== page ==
At the end of over thirty years of injecting drugs I was left with two choices, suicide or get clean. Suicide seemed the nice easy option but I didn’t have the balls to do it, and every night I’d be wishing I’d die in my sleep and as it wasn’t happening I ended up doing the latter, on the advice of my then girlfriend, saying give treatment a go and if it doesn’t work you can always do the suicide option afterwards.

So off to treatment I went thinking six weeks isn’t that big a sacrifice for a cure!! I honestly did not have a clue and my expectations were along the lines of I’ll get rid of my class A problem and keep the diazepam habit, as its no big deal, and carry on spliffing and drinking as that’s what ‘normal’ people do.

I somehow ended up picking a twelve-step rehab on the recommendation of my then girlfriend without knowing what it entailed. You can imagine my surprise at being told abstinence is the way forward!! Lasted five weeks before they moved me on to second stage and by now I was a physical and mental wreck. In fact most of the other residents thought I was still using as I was in such a state.

I was completely clueless about what was needed to be done to stay clean but I was willing and a slight nuisance, questioning everything along the way. By now it was dawning on me that a life of abstinence wouldn’t be so bad after all. In fact I was up for it as a conversation during my detox remained in my head and it went something like this.

Friend “so you think you’re hard don’t you?”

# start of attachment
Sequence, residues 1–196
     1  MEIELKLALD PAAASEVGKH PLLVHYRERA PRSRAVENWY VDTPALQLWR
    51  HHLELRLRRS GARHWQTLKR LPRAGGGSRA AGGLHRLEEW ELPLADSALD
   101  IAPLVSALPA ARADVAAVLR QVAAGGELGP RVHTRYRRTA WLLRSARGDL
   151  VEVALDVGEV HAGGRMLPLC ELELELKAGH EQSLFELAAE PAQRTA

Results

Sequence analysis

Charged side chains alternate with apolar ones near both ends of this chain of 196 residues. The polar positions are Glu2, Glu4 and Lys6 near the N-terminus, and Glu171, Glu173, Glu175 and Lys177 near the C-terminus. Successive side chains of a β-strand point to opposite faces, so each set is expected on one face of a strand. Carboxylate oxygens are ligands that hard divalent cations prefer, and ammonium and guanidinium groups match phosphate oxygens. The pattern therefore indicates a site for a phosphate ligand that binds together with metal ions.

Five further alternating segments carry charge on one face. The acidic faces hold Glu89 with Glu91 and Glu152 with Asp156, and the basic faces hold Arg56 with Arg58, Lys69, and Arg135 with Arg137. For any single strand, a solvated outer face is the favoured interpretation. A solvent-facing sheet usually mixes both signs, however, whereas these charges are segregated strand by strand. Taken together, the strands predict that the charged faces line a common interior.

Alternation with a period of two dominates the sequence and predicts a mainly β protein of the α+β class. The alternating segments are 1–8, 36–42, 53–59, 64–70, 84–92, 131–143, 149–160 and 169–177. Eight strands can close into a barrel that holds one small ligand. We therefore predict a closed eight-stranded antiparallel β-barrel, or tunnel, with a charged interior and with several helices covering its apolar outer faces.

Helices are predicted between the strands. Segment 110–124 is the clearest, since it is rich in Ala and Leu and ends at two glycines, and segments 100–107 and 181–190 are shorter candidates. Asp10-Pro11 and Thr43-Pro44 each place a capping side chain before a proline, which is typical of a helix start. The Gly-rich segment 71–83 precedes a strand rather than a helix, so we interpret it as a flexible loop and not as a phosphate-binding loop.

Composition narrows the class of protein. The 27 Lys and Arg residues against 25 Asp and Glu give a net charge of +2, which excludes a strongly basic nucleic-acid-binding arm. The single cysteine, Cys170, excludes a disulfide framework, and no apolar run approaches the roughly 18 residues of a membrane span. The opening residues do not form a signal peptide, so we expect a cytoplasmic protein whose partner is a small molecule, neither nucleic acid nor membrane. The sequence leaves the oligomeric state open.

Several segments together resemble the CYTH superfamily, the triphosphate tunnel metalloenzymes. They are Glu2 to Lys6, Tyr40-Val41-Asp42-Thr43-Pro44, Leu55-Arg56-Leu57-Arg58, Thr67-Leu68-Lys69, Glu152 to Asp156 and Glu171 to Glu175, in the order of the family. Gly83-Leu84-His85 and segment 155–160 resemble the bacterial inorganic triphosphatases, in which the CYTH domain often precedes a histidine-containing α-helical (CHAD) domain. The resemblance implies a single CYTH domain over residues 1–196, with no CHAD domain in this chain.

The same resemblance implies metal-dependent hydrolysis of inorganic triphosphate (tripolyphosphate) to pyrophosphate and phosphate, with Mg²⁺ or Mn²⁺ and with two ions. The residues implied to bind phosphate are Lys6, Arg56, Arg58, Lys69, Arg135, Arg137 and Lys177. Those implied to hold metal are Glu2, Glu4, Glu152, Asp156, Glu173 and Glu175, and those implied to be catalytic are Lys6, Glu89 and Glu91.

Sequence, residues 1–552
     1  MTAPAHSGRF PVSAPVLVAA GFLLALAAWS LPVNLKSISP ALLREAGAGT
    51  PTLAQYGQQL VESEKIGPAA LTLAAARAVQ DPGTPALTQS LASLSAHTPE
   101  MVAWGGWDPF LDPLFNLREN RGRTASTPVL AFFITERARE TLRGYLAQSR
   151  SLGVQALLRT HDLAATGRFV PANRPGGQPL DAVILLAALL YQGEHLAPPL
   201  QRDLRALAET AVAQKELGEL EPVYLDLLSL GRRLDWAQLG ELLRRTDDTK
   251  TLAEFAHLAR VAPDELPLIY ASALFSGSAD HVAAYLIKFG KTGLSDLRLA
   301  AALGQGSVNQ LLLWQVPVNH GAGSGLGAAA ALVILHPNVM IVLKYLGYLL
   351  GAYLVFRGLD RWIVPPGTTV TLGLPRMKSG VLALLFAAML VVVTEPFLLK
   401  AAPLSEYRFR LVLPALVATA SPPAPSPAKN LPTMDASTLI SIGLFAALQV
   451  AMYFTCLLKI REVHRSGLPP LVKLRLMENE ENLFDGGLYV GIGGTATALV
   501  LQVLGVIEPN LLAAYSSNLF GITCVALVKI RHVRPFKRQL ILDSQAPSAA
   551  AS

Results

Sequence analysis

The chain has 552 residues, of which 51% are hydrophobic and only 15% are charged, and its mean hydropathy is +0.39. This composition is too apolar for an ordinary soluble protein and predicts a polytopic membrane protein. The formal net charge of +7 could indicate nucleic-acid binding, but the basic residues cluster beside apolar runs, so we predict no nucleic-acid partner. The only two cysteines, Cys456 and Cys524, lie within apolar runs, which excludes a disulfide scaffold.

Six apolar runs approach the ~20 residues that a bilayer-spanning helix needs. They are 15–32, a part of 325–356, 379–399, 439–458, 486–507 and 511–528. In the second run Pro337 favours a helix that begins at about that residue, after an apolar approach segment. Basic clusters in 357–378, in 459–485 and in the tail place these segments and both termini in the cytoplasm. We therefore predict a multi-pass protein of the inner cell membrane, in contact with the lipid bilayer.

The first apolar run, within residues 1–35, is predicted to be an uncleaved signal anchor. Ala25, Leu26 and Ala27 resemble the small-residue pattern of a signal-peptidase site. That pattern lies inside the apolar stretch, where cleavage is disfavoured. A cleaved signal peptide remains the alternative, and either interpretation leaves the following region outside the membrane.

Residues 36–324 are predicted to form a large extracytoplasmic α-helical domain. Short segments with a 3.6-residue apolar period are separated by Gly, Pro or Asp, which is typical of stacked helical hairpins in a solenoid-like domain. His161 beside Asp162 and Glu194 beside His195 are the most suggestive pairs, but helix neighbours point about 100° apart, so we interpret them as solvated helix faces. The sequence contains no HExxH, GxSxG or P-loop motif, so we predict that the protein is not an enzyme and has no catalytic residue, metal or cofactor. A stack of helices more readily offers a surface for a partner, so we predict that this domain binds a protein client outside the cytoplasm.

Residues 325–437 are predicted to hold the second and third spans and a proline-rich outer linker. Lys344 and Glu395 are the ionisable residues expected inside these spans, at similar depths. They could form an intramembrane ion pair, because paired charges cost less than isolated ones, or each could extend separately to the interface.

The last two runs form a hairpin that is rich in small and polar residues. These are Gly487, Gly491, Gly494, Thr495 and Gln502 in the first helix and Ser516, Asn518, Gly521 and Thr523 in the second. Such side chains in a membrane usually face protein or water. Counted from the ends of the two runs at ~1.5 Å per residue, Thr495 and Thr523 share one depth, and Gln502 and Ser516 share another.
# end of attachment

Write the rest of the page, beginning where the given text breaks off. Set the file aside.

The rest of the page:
Me “yeah”

Friend “you can’t be that hard if you can’t sit with a feeling without using on it!!”

I’d always thought of myself as tough, not so much physically but definitely mentally and the fact I couldn’t sit with a feeling really got to me and gave me a goal which I had to prove I could do. I had the emotional maturity of a teenager but the body of someone approaching the half-century mark in life so I was still struggling to make sense of ‘me’. The one thing I knew for sure was I didn’t want my old life back, and so I had to build my new life up from scratch, not that I had much of a life before! Not having a clue how to do this I spent most of my early recovery surrounded by positive people wanting the same thing as myself. Many an hour was spent in different coffee shops around London with like-minded people in recovery debating the pros and cons of recovery.

I soon tired of coffee shop recovery and someone suggested I do voluntary work and to me that sounded absurd, to give my time up for free?!? No way!!! I had this misconstrued idea that I’d walk into a job even though I’d never worked in my life! Anyway, my friend persuaded me to try being a volunteer before I knocked it. So along I went and ended up getting interviewed, and too my surprise I was given a start date. I was now officially a BoB (SUDRG back when I started) volunteer and after a clueless rocky start I settled down and started taking my role as a volunteer more seriously, and through time I was promoted through the ranks of shadow team leader, team leader and getting a paid job as a manager.

I worked as a manager for BoB at ARCH in Uxbridge and thoroughly enjoy my job, before moving on to my new role with the Hep C Trust. Basically what I am trying to say is early recovery is a massive head fuck but by doing the right moves the rewards will come. Would I swap my new life back for my old one? Absolutely not !!! And finally, a massive big up to everyone that’s been part of my journey and helped me achieve everything I have so far.

Eddie Meyers